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Charles Adeyanju

 Dr. Charles Adeyanju has employed qualitative research methods to study a range of social issues that include: media representation of race; racism; transnational practices of Nigerians in Canada; and taser use by the Canadian police. He is currently adopting the phenomenological approach in sociology to study how Nigerian immigrants in Canada influence their peers and social groups in Nigeria to migrate.

Degrees: 

BA (Lagos, Nigeria), BA (York), MA (Guelph), PhD (McMaster)

Position: 
Assistant Professor
Department: 
Sociology & Anthropology
Faculty: 
Arts
Phone: 
(902) 566-0482
Research Interests: 
  • Race and Ethnicity
  • Transnational Migration
  • Media and Society
  • Social Inequality
Citations: 

Adeyanju, Charles and Temitope Oriola (forthcoming). “Colonialism and Contemporary African Migration: A Phenomenological Approach”, Journal of Black Studies.

Temitope Oriola, Nicole Neverson and Charles Adeyanju (2010). ‘Don’t tase me, bro’: Taser adoption and its consequences in Canada", The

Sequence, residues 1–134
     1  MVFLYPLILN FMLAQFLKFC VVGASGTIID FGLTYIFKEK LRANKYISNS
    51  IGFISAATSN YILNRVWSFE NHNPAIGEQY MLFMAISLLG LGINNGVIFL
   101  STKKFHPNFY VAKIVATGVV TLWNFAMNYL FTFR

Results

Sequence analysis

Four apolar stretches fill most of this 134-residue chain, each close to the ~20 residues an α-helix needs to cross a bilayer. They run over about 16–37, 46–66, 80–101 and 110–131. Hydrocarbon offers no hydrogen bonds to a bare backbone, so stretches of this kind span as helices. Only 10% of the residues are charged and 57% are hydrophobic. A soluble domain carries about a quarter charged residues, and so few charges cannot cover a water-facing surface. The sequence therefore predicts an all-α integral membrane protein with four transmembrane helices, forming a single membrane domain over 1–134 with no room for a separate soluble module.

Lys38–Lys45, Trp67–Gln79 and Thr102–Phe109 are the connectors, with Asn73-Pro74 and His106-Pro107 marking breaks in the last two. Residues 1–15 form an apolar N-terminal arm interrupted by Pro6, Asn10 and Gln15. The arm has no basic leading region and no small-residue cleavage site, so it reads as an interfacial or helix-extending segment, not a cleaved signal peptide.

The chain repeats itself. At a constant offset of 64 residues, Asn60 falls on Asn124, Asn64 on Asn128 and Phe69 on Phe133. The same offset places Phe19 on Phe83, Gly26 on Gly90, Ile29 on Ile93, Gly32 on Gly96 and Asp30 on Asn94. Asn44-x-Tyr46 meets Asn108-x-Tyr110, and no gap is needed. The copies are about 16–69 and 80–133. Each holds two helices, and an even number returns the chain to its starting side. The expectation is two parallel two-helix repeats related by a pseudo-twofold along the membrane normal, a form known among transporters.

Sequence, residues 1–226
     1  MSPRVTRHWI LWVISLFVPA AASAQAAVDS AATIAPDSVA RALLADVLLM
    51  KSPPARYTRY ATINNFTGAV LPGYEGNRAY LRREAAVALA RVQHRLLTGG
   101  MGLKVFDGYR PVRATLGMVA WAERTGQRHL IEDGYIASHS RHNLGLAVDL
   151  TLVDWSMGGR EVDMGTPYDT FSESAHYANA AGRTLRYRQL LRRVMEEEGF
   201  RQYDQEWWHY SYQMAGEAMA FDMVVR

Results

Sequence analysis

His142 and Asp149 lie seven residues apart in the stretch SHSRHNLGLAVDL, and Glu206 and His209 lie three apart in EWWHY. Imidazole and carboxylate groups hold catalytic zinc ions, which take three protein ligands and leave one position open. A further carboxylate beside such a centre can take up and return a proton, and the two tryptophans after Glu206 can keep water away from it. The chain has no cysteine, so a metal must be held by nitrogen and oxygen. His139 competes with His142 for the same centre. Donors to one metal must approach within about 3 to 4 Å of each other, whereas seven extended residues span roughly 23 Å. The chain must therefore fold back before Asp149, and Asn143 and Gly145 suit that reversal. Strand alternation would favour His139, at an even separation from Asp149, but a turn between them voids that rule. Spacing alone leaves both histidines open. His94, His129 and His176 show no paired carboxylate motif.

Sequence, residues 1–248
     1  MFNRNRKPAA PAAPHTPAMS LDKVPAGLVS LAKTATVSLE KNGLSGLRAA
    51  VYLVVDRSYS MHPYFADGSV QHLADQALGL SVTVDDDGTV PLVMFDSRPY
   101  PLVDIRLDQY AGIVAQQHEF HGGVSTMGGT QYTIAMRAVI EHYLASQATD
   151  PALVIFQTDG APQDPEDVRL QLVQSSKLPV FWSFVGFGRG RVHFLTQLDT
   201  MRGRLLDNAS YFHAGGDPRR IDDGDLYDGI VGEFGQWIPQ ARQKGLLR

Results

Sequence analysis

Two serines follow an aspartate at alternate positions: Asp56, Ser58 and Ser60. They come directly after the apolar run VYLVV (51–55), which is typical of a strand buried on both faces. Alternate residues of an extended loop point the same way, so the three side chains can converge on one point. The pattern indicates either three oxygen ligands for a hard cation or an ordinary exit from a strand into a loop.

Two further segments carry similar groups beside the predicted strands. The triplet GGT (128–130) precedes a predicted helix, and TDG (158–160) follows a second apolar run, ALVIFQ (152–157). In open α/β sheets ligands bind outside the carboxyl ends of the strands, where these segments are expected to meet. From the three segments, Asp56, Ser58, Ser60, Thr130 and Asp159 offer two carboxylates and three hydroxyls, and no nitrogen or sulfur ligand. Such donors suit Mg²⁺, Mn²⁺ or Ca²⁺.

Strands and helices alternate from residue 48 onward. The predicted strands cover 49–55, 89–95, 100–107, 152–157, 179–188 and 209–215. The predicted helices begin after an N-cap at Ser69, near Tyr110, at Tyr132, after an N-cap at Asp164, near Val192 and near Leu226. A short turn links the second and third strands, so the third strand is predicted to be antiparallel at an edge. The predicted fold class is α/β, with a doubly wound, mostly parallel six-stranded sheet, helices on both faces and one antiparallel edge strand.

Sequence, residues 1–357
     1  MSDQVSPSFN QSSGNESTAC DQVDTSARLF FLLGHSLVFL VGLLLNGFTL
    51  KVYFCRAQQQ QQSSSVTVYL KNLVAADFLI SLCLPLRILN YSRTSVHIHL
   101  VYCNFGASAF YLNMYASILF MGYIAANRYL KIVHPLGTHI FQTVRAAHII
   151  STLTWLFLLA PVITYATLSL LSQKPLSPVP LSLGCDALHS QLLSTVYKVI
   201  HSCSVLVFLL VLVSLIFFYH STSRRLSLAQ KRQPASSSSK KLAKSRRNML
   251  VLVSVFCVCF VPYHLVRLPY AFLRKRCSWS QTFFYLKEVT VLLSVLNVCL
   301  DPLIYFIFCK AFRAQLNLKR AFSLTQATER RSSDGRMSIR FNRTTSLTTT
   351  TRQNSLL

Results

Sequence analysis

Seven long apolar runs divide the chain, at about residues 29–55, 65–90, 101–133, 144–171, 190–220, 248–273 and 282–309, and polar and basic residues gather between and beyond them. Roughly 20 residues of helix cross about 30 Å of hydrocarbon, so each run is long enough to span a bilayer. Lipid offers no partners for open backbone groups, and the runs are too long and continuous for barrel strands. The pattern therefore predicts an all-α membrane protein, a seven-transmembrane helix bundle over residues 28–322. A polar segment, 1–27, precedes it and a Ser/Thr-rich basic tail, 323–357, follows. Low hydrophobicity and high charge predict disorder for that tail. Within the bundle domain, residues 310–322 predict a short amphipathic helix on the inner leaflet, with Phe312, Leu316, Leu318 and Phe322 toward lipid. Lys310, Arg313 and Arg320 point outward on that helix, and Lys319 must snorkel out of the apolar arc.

Journal of Social Criminology, vol. 3.1 (Autumn/Winter), pp. 109-139.

Adeyanju, Charles. 2010. “Deadly Fever: Racism, Disease & a Media Panic”, Winnipeg: Fernwood Publishing.

Adeyanju, Charles and Temitope Oriola (2010). " 'Not in Canada': The Non-Ebola Panic and Media Misrepresentation of the Black Community",
African Journal of Criminology and Justice Studies (AJCJS), Vol. 4 (1).

Oriola, Temitope and Charles Adeyanju (2009). “Haunted: the symbolism of the noose”, African Identities, Vol. 7 (1).

Current Collaborators (non-UPEI): 

Dr. Nicole Neverson (Ryerson University)
Professor Tope Oriola (University of Alberta)